And over at Penguin Random House, employees try to get Jordan Peterson’s new book banned — based on lies about the author. In fact, grown adults were crying that the book is being published. Johnathan Kay writes:

People are dying from Covid, losing their businesses, and these spoiled brats transform into babies because their employer is publishing a book they don’t like.

Indeed, the fact such people work at a publisher — supposed protectors of the freedom of speech — is disturbing.

Categories: Books | Tags: , , , | Leave a comment

Beware of the Book Burners

Jarrett Stepman writes:

A well-educated person should read deeply and broadly…Reading authors with opinions both contemporary and ancient can be a profoundly illuminating experience. It becomes quite clear that the advancement of time has led to many positive changes—and more than a few bad ones as well…’Decolonizing’ bookshelves represents a further closing of the American mind, but now intellectual shallowness is being paired with self-righteous zealotry. It’s a frightful combination.

“You don’t have to burn books to destroy a culture. Just get people to stop reading them.” ― Ray Bradbury

Categories: Books | Tags: , , , , | Leave a comment

Publishers Hire “sensitivity readers” to Censor – I Mean Edit – Books

Is it just me, or is there a large slice of the population who no longer recognizes censorship when they see it? Read more here.  Between banning books and revising history, seems to be a lot of this going around.

Maybe we’re all busy with our causes, activism and politics, that we are blowing right by the fundamentals?

Being offended doesn’t give one the right to censor.  Censorship itself is what everyone should find offensive.

Categories: Writing | Tags: , , | 2 Comments

Is Banning Books “inclusive”?

Recently, a Virginia school banned The Adventures of Huckleberry Finn and To Kill a Mockingbird because of “racial slurs.” Both books have been the subject of on and off bans for decades. A mother claimed, by reading these books, “We’re validating that these words are acceptable…” and there are “psychological effect” on the children.

Ridiculous.

One of the reasons that these books have endured is because they show how life was or address race issues. Contrary to causing “psychological effect(s)” on children, books are supposed to be read and studied with discussion. This is how school is supposed to work — and critical thinking.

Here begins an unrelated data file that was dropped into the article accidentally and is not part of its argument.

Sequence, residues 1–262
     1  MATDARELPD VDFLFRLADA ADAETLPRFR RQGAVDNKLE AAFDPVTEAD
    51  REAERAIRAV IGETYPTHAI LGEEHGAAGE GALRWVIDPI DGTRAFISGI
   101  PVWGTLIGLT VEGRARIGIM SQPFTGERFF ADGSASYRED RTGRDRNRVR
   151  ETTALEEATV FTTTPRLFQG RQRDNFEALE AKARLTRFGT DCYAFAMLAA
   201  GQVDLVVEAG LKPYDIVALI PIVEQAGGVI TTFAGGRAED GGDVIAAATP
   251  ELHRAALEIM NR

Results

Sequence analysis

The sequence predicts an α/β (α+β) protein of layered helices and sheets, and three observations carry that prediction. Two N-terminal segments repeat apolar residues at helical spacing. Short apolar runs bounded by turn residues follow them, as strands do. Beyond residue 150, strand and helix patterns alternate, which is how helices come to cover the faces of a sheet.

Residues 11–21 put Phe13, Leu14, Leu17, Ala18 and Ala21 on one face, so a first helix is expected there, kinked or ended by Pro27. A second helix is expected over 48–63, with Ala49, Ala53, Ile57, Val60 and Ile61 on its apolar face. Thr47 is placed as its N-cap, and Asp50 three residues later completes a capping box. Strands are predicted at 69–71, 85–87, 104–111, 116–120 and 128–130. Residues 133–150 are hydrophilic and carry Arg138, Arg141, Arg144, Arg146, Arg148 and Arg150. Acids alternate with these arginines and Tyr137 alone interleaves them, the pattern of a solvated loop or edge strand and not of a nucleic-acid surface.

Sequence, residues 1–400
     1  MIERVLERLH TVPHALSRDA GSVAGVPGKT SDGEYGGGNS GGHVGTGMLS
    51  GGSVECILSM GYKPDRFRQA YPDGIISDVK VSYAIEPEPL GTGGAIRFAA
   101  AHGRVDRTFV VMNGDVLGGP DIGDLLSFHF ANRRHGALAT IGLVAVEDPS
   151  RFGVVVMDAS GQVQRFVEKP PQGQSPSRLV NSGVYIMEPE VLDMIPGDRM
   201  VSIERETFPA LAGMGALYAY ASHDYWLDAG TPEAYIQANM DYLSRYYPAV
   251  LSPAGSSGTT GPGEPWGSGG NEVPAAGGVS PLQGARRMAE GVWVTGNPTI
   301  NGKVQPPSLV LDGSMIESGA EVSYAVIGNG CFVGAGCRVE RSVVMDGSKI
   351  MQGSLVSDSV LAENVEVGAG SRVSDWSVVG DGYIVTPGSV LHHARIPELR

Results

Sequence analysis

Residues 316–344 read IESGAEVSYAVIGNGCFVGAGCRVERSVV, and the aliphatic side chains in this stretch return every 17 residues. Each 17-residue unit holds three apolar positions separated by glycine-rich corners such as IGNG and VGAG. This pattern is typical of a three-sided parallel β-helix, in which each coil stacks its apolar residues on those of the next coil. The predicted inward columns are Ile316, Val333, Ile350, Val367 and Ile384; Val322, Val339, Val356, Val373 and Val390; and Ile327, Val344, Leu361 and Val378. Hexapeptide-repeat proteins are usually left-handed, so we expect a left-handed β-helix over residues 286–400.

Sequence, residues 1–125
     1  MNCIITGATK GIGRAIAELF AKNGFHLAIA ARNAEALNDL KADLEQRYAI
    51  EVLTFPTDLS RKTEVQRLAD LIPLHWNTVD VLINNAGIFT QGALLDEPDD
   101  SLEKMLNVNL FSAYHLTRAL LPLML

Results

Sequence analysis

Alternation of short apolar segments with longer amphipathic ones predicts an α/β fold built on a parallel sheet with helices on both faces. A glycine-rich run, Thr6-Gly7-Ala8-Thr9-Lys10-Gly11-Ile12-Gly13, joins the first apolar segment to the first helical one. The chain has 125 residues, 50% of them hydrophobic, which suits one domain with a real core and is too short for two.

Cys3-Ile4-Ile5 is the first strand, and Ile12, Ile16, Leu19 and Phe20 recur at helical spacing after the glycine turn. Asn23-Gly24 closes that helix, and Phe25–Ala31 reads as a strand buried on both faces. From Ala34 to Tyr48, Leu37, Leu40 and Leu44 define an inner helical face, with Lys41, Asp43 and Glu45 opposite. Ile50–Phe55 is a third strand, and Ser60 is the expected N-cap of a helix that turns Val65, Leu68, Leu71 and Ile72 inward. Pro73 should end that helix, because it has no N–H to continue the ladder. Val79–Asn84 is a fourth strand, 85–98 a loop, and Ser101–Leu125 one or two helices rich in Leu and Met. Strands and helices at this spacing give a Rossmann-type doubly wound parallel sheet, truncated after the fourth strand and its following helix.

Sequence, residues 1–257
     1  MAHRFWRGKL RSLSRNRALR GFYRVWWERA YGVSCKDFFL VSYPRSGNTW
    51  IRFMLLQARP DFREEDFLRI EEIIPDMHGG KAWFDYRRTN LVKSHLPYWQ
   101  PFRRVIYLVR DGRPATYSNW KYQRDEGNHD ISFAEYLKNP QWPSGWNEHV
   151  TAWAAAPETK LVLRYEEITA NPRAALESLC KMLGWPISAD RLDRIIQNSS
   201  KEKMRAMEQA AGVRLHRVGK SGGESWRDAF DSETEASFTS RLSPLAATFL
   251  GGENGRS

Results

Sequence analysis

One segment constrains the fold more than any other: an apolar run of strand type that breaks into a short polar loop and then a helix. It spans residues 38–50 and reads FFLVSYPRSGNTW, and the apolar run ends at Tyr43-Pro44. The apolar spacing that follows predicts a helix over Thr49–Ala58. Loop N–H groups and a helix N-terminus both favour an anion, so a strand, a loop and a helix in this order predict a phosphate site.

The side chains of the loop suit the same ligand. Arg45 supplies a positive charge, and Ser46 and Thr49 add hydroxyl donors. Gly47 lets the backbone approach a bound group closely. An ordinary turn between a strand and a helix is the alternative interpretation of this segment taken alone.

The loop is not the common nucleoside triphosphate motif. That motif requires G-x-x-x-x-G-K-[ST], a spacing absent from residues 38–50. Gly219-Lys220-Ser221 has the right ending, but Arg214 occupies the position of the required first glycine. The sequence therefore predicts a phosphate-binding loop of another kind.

“There is other literature they can use,” the parent argued. Like what? Some book that rewrites history or tries to discuss issues by being afraid to discuss them? The buzzword “inclusive” was thrown out there in trying to find books that didn’t offend anyone. Good luck with that.

Yes, I support every parents’ right to control what their child reads, learns or sees, but that doesn’t mean their position should be forced on others. Rather, we should decide not to be offended and try thinking and discussing these books with the students who read them.

Raising generations of children who are sooner offended by anything, instead of trying to think through something, will be a mistake we will all someday regret.

Categories: Books | Tags: , , , , , | 4 Comments

Warnings from Mars

Ray Bardbury’s classic dystopian tale, Fahrenheit 451, is well known as a cautionary tale on censorship and the suppressing of knowledge. It is not his only warning on this danger. In The Martian Chronicles, in the chapter “April 2005 – Usher II,” this scene unfolds:

How could I expect you to know blessed Mr. Poe? …All of his books were burned in the Great Fire…He and Lovecraft and Hawthorne and Ambrose Bierce and all the tales of terror and fantasy and horror and, for that matter, tales of the future were burned. They passed a law. Oh, it started very small…[like] a grain of sand. They began by controlling books of cartoons and then detective books and, of course, films, one way or another, one group or another…there was always a minority afraid of something, and a great majority afraid of the dark, afraid of the future, afraid of the past, afraid of the present, afraid of themselves and shadows of themselves.

These warnings, I think, must be taken seriously. Even now, I read of censorship on certain websites, politicians who openly call for suppression of certain views and venues, repeated attempts to control the internet. People who don’t think the suppression of their rights can occur in our age, need to wake up and listen to what Bradbury wrote decades ago.

It all can begin small. Like a grain of sand.

Categories: Books, Fiction, Modern History | Tags: , , , , , | Leave a comment